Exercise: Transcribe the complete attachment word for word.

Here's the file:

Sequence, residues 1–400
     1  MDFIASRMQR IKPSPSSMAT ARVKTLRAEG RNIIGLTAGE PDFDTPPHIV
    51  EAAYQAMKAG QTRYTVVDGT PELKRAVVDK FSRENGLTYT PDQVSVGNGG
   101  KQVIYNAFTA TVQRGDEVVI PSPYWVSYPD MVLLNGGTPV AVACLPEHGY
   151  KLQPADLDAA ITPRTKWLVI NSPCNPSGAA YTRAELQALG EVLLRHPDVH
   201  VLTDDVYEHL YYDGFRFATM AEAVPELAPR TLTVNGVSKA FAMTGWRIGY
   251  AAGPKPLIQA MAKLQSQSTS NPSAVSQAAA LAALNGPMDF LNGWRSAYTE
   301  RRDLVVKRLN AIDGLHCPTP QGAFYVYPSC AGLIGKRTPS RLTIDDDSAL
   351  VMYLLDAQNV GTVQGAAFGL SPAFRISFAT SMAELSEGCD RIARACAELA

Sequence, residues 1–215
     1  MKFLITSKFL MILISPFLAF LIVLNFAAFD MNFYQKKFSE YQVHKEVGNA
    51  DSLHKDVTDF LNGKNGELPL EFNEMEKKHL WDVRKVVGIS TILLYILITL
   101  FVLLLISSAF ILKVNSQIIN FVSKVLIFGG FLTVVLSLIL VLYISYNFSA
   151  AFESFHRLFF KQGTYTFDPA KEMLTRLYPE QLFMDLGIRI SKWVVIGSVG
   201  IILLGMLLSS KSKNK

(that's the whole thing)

Sequence, residues 1–400
     1  MDFIASRMQR IKPSPSSMAT ARVKTLRAEG RNIIGLTAGE PDFDTPPHIV
    51  EAAYQAMKAG QTRYTVVDGT PELKRAVVDK FSRENGLTYT PDQVSVGNGG
   101  KQVIYNAFTA TVQRGDEVVI PSPYWVSYPD MVLLNGGTPV AVACLPEHGY
   151  KLQPADLDAA ITPRTKWLVI NSPCNPSGAA YTRAELQALG EVLLRHPDVH
   201  VLTDDVYEHL YYDGFRFATM AEAVPELAPR TLTVNGVSKA FAMTGWRIGY
   251  AAGPKPLIQA MAKLQSQSTS NPSAVSQAAA LAALNGPMDF LNGWRSAYTE
   301  RRDLVVKRLN AIDGLHCPTP QGAFYVYPSC AGLIGKRTPS RLTIDDDSAL
   351  VMYLLDAQNV GTVQGAAFGL SPAFRISFAT SMAELSEGCD RIARACAELA

Sequence, residues 1–215
     1  MKFLITSKFL MILISPFLAF LIVLNFAAFD MNFYQKKFSE YQVHKEVGNA
    51  DSLHKDVTDF LNGKNGELPL EFNEMEKKHL WDVRKVVGIS TILLYILITL
   101  FVLLLISSAF ILKVNSQIIN FVSKVLIFGG FLTVVLSLIL VLYISYNFSA
   151  AFESFHRLFF KQGTYTFDPA KEMLTRLYPE QLFMDLGIRI SKWVVIGSVG
   201  IILLGMLLSS KSKNK